"If I write it, of course, I'm going to relate to it," she says. "That's also a key factor in picking my songs. I really believe a song is a little mini movie. An artist has to be an actress for 3 1/2 minutes. I try to pick songs that I can personally relate to. I don't have to conjure up fake emotion. I can just sing from my heart."
"When I'm listening to songs, and you listen to thousands of songs, you're kind of on auto pilot for awhile," she says. "Usually I listen to a verse and the chorus...I don't want to know who the songwriter is (to avoid any bias). If it has me intrigued by the end of the first chorus, then I'll continue listening."
"Songs have a way of taking you back to certain times of my life," she says. "Sometimes I'll be listening and I'll just drift to a certain point in my life, and I realize it was the song that was doing that. I really think the best songs are the ones that evoke emotions or memories."
For Cochran, those emotions and memories are the product of growing up in tiny Austinburg, Ohio, a town of maybe 1,000 people in northeastern Ohio near Lake Erie.
Cochran stared singing at home and by the time she was a young teen was signing at the local dance hall performing country music. She went through a few bands before forming her own and singing hits of the mid-to-late 1980s period.
Cochran set her goals on a career in country and soon after graduating high school, she moved to Nashville.
In probably what is an unusual move, her parents moved with her. Her father worked as a heavy equipment operator, while her mother was an investigator.
Cochran was no overnight success. In fact, it took her eight years before she inked a deal with Sony. During the difficult time of her marriage, Cochran hit a club where a friend was playing. He wanted her to come on stage and sing. She agreed, even though she hadn't done so in awhile.
Hardly anyone was there, but one person there worked for a publishing company. Cochran agreed to return there the next night at his request, and he brought along Blake Chancey of Sony.
Chancey apparently liked what he heard because he recorded Cochran and later convinced Sony to sign her.
A few singles did not do much of anything, but "Angels in Waiting" did. It was a difficult song for Cochran because it refers to her two brothers, who both died of cystic fibrosis, a hereditary disease affecting the ability to digest foods and breath.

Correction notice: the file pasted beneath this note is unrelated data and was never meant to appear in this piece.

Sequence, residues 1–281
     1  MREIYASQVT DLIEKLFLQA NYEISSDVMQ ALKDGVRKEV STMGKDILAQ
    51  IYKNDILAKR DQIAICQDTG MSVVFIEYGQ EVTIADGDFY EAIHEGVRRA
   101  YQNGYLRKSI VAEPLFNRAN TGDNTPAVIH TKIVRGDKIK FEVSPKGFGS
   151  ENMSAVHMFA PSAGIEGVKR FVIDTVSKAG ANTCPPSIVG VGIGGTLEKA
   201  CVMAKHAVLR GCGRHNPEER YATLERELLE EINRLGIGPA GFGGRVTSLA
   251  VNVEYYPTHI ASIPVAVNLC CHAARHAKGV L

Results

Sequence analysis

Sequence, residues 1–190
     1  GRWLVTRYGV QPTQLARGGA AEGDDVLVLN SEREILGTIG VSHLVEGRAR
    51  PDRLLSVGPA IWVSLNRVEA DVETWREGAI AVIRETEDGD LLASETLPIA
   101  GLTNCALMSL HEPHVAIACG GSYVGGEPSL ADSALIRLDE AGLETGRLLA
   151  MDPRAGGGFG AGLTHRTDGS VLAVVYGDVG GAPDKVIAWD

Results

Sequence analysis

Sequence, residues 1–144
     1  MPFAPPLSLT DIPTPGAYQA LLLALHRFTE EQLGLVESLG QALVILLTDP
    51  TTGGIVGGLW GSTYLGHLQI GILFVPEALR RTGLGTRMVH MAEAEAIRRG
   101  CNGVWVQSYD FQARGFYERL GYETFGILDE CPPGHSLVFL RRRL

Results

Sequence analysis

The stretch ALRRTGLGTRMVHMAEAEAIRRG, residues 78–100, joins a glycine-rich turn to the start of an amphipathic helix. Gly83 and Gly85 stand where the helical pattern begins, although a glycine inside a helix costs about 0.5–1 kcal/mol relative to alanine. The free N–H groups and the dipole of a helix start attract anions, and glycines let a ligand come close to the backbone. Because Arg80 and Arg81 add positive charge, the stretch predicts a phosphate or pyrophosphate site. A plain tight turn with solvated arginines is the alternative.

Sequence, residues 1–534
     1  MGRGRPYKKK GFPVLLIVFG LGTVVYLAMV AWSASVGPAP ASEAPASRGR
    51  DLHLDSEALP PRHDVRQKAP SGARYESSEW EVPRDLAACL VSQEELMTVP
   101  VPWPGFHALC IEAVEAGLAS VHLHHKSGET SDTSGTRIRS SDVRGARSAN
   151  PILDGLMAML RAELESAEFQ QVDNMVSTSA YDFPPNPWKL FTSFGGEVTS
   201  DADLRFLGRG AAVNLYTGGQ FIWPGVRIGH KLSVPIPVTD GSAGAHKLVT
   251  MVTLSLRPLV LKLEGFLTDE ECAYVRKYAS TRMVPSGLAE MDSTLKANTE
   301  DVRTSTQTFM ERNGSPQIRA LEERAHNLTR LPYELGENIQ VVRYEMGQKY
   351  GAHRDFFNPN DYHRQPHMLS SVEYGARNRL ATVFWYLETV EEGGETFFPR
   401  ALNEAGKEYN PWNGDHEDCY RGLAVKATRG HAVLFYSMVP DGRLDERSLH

The song wasn't a huge hit, but it received much airplay and gave Cochran a toehold through publicity.
"I was actually surprised that everybody seemed to relate to it because to me it was so personal," says Cochran of the sad ballad.
In fact, before its release as a single, Cochran had lunch with her mother to ensure she was okay about its release.
"At first, I thought this is about me and my two bothers," says Cochran. "Who is going to relate to this? Then you realize everybody I come into contact with this relates to this song whether it's a grandmother, a brother, a sister or a friend. That's what took me by surprise."
As an added benefit, Cochran says the song helped generate much awareness about cystic fibrosis. "I just feel like I'm doing what I'm supposed to be doing by helping out the Cystic Fibrosis Foundation."
As for her parents, Cochran says, "they were totally thrilled because they know my brothers would have been thrilled with it and been proud. They were huge supporters of me and my singing."
Cochran says she didn't feel a lot of pressure with recording the second album. "The record company didn't really put pressure on me," she says. "If anything, I probably put a little bit of pressure on myself. You have your whole life to make your first album and a few months to make your second. I was still out touring, writing songs, supporting the first album, doing interviews when I was trying to work on the second album."
Due to the delay in picking songs, Cochran required nine months to finish the sophomore disc, a very long time. "I'm glad the time budget went over because I think we made a much better album that we would have," she says.
Cochran indicates she has adjusted to the ups and downs of a musical career. "When the first single came out ("If You Can" from the debut), I kind of drove myself (crazy) looking at the charts and looking at the numbers and all that stuff," says Cochran.
But the single did not do so well, delaying the release of the album.
'It just made me a nervous wreck," she says. "After that happened, I didn't even pay attention really. I just learned to accept whatever happens happens. I've got to know that I did my job and pick songs that I can be proud of, and everything else is out of my hands."